Does your service offer incentives to quitters? Could these be offered to smokers using the psychiatric services.
Goals are important in psychiatric healthcare.
Could your service join forces with another service in your PCT to fund exercise classes for smokers trying to quit?
Smoking-related illnesses are an unacknowledged problem.
Mentally ill smokers are just as susceptible to smoking-related illnesses as other smokers.
Smoking-related illnesses don’t just affect old people. Mouth and throat cancer generally strike smokers in their 30s and 40s.
How would a person with schizophrenia or severe depression cope with a diagnosis of lung or mouth cancer?
Bring out every scary picture you can find.
Smokers are more susceptible to:
Pneumonia, cold and flu, bronchitis, influenza
Dental problems including gum disease
Type II Diabetes
Peripheral Vascular Disease
Losing their sight and/or hearing
traffic accidents (3,439)
alcohol liver disease (5,121)
Variant CJD (app 50)
illegal drugs (1,456)
other accidental deaths (8,579)
Over 100,000 smokers die every year of a smoking- related disease. Half of all life-long smokers will eventually die of a smoking-related illness.
This figure is more than four times higher than the 24,289 deaths every year* arising from:
* Figures from 2002
The US Environmental Protection Agency classified environmental tobacco smoke as a Class A carcinogen, alongside asbestos and benzene.
SCOTH Report: secondhand smoke “represents a substantial public health hazard……...it is evident that no infant, child or adult should be exposed.” (published in 2004)
Regular exposure to secondhand smoke increases a non-smokers risk of lung cancer by 24% and heart disease by 25%.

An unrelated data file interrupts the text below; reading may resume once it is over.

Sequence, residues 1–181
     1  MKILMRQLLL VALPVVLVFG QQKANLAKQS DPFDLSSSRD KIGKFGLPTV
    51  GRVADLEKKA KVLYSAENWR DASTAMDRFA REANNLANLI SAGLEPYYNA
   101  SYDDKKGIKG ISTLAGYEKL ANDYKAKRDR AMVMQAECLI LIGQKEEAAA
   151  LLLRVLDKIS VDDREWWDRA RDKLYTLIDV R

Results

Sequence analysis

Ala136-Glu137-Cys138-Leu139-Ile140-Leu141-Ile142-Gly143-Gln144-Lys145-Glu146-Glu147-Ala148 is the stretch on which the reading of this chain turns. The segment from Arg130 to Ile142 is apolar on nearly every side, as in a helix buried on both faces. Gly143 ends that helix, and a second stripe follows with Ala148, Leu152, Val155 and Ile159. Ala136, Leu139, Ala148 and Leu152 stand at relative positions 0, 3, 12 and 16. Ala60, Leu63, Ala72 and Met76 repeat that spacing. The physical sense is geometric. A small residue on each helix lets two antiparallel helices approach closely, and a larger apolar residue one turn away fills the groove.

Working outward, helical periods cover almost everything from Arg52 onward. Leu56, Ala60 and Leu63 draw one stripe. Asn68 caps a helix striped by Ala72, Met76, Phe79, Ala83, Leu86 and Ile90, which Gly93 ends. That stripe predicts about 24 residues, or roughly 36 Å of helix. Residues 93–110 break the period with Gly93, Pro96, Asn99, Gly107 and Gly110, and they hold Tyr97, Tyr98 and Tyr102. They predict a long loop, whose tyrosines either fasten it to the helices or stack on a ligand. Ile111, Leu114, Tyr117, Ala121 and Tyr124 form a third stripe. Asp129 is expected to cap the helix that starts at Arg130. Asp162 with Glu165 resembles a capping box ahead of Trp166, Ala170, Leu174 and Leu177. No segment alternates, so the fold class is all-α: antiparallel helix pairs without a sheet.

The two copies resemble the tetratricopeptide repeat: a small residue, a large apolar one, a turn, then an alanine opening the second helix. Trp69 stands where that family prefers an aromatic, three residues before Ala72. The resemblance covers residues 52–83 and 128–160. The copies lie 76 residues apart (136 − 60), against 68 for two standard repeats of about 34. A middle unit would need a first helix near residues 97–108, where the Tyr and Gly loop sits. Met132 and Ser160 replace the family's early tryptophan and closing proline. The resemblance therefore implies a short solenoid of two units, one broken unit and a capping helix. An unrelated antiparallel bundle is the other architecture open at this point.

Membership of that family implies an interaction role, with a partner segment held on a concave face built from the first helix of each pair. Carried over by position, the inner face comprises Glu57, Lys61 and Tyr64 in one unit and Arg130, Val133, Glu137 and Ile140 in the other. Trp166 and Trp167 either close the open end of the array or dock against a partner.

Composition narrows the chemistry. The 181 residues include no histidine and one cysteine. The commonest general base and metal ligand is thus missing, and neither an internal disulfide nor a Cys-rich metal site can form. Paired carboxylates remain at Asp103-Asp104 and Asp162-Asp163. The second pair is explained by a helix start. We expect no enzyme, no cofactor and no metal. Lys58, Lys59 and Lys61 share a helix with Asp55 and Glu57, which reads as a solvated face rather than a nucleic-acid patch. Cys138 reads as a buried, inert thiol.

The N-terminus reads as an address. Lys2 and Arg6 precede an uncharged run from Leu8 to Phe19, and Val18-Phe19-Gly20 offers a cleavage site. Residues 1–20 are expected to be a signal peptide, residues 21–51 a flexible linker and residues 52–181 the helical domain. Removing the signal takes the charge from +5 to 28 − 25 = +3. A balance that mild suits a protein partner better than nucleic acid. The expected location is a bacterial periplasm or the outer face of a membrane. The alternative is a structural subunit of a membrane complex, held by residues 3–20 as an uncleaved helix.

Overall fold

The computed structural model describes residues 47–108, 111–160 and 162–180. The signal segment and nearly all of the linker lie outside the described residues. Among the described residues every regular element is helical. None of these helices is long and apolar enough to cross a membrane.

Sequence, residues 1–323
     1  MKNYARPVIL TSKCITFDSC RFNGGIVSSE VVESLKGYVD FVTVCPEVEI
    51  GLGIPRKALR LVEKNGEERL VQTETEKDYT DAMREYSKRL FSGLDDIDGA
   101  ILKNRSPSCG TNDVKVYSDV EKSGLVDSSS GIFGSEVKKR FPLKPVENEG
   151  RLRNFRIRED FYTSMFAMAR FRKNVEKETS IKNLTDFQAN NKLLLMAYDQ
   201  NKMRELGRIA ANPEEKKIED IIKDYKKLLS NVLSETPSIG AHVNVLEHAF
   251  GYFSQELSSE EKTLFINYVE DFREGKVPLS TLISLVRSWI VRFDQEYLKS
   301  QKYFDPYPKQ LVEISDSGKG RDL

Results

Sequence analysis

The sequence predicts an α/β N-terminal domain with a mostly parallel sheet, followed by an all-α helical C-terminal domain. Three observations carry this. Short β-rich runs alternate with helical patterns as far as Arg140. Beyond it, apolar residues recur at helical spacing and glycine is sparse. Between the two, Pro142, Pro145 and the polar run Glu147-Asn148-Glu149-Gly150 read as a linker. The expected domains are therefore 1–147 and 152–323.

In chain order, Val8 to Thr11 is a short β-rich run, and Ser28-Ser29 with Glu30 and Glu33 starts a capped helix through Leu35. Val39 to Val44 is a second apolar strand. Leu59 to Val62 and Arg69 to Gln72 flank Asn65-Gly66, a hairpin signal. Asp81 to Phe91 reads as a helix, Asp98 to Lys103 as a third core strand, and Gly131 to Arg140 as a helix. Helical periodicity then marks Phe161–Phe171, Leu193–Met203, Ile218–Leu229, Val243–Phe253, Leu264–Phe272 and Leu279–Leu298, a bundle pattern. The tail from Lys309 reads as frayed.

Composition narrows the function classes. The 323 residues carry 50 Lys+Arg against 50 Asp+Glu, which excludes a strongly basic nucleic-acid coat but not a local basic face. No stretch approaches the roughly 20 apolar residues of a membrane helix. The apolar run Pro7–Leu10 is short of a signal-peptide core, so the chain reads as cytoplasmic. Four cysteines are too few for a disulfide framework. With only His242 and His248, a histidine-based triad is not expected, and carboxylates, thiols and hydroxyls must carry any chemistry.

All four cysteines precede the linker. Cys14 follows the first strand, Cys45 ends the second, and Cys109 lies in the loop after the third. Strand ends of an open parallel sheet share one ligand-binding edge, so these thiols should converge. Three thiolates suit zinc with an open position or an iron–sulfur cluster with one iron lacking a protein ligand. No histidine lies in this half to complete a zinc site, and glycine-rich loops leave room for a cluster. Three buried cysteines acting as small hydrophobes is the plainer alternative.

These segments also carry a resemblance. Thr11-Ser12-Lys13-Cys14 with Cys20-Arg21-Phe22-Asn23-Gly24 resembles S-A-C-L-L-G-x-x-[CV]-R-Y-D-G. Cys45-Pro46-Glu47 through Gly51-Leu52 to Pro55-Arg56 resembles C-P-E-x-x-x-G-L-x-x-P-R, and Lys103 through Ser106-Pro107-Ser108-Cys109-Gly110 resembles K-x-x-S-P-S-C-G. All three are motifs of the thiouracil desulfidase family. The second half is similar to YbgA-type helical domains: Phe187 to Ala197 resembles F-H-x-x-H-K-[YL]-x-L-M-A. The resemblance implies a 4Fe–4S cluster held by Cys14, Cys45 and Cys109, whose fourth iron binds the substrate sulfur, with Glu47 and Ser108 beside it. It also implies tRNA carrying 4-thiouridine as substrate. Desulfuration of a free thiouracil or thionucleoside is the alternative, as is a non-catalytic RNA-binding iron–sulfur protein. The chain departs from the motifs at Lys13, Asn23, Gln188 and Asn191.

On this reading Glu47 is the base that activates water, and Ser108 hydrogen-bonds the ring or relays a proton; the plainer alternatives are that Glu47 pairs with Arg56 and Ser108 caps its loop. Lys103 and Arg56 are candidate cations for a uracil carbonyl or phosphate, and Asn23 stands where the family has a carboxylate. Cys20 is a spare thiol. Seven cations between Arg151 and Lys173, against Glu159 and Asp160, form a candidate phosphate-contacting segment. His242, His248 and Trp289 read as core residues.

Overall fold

A study of nurses in the US found that those who worked in smoky wards had a 91% increased risk of coronary heart disease. (Kawachi et al, 1997).
“An hour a day in a room with a smoker is nearly 100 times more likely to cause lung cancer in a non-smoker than 20 years spent in a building containing asbestos.”
Professor Sir Richard Doll
Professor of Medicine, Oxford University
Studies have shown that smoking increases the likelihood of depression.(Wu & Anthony, 1999, Johnson et al. 2000)
Smoking increases the risk of suicide among those with existing depressive illness. (Oquendo et al 2004)
Smoking exacerbates stress (Parrot, 1989), anxiety (West and Hajek, 1997) and sleep disorders (Htoo, 2004) – all of which will be detrimental to patients with a mental illness.
Other research demonstrates a link between smoking and the onset of panic attacks, panic disorder, and agoraphobia, along with an exacerbation in the severity of existing panic disorders(Zvolensky, 2005)
Talk about nicotine withdrawal. Smoking doesn’t help with symptoms, it causes them!!!!
Cessation can increase the risk of a depressive episode. (Glassman et al. 2001)
the risks of smoking?
developing other strategies for coping with life.
Many have argued that smoking is facilitated within psychiatric care. (Lawn & Pols, 2005, McNally et al, 2006).
If health professionals don’t appear to care about smoking, how can we expect the patient to recognise the dangers?
Smokers who enter general hospitals often quit during their stay. Non-smokers entering psychiatric facilities often come out with a smoking habit. This is not right.
Former smokers often say that quitting smoking is the best thing they’ve ever done. Don’t assume mentally ill smokers don’t want to quit.
For psychiatric patients, going without a cigarette for even a day can be a significant achievement. Quitting might be the only thing they’ve achieved in their life.
Never underestimate how important that is, not just for someone’s physical health but for their self esteem.
Working with this client group can be challenging but ultimately very rewarding.
If you work in public health because you want to make a difference in people’s lives then this is the area for you!